Kevin Morris’ most recent article of FPGA and Structured ASIC Journal makes a very humourous but interesting analogy between FPGA vs ASICs design battle and the battle that occured not so long ago between car cars vs horses as a mean of transportation :
“The new BMW 5-series sedan outperforms the horse and buggy in every important way. Your family will travel farther in a day and arrive less fatigued thanks to our superior cruising speed, climate-controlled cabin, and luxurious upholstery. It’s so much easier to use as well – no more hitching up the team before you start, and no more watering, feeding, and grooming at the end of the day. You just turn the key and drive away. Simple as that. So, before you snap up that new stallion you’ve been eyeing – consider a car instead.”
Morris’ article gets interesting at the end where he points out that applications that can benefit from hardware programmability are subject to profound change :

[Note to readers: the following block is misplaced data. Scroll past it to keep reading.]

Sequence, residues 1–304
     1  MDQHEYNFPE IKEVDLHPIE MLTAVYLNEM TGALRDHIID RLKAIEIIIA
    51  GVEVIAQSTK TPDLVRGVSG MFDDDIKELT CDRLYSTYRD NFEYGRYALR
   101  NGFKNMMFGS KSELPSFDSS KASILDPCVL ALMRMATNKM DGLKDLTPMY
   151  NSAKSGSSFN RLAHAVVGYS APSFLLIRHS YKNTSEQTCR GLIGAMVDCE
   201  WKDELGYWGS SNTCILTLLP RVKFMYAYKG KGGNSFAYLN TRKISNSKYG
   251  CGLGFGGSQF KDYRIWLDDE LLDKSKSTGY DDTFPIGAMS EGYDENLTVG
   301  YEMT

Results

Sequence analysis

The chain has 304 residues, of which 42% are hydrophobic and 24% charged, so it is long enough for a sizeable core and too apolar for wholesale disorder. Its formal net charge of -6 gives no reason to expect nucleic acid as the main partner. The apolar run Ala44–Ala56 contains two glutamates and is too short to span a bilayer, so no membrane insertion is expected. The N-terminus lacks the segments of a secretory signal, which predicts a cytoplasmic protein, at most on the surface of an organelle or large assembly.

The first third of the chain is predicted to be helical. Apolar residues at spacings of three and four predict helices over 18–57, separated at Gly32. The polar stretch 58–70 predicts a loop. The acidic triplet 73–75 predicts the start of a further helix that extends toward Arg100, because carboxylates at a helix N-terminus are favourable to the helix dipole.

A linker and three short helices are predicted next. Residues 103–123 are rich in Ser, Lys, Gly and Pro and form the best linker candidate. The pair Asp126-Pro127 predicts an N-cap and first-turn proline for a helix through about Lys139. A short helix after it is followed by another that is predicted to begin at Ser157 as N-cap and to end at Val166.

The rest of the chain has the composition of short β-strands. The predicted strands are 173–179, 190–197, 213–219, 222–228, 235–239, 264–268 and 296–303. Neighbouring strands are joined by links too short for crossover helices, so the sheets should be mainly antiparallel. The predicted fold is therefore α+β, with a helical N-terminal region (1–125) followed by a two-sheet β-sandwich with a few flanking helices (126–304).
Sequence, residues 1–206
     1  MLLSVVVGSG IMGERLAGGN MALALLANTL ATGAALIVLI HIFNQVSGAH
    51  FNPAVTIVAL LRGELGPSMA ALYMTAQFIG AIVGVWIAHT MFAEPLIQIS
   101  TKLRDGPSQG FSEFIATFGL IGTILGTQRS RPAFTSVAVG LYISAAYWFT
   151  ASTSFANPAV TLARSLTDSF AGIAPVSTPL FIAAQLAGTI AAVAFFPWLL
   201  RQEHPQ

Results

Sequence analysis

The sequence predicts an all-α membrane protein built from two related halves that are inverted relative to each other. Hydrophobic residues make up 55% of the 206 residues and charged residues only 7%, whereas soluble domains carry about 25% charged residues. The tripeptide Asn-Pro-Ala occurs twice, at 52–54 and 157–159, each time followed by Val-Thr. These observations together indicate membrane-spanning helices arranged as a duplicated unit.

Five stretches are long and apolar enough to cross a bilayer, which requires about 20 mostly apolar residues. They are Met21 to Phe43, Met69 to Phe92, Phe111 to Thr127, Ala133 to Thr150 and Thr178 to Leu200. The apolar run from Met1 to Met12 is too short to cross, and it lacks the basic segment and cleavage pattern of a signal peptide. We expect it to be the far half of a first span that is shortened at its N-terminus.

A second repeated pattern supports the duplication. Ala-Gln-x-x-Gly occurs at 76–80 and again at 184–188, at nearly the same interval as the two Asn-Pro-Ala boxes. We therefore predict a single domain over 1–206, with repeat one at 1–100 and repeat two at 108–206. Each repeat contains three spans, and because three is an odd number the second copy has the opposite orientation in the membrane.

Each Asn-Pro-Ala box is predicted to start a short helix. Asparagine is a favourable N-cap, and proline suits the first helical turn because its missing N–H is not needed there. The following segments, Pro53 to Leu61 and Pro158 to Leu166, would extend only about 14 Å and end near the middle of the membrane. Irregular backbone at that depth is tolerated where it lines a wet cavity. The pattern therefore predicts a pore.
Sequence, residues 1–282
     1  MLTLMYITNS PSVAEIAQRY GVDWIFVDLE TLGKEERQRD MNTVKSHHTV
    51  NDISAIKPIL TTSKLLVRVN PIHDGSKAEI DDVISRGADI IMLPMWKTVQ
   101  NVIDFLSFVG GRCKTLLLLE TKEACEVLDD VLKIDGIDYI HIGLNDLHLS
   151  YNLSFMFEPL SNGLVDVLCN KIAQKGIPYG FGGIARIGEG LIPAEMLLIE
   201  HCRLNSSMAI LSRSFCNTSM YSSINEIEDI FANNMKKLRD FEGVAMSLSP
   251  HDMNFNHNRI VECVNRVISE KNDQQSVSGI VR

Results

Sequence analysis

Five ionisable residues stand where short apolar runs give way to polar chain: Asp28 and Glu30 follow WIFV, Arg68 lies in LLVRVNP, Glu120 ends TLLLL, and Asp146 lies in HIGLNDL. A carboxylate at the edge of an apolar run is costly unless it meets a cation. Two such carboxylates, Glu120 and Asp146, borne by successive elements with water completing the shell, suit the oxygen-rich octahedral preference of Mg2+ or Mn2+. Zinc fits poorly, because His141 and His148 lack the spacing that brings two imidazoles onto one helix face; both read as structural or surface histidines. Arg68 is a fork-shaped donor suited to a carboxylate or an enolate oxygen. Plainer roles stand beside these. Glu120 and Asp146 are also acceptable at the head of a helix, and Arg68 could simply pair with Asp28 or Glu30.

“FPGA companies are defending against this attack, of course, by equipping their devices with both hard- and soft-core processors so that they can reap the advantages of software programmability as well. The outcome of that game, however, will probably be determined by the existence of design requirements that mandate hardware programmability – features where software cannot deliver the performance or power efficiency required. Designs with these sorts of requirements will remain in the sweet spot of FPGA, while general-purpose embedded platforms have a better-than-even chance of winning where software alone can do the job.”
This is obviously the case with power electronics applications.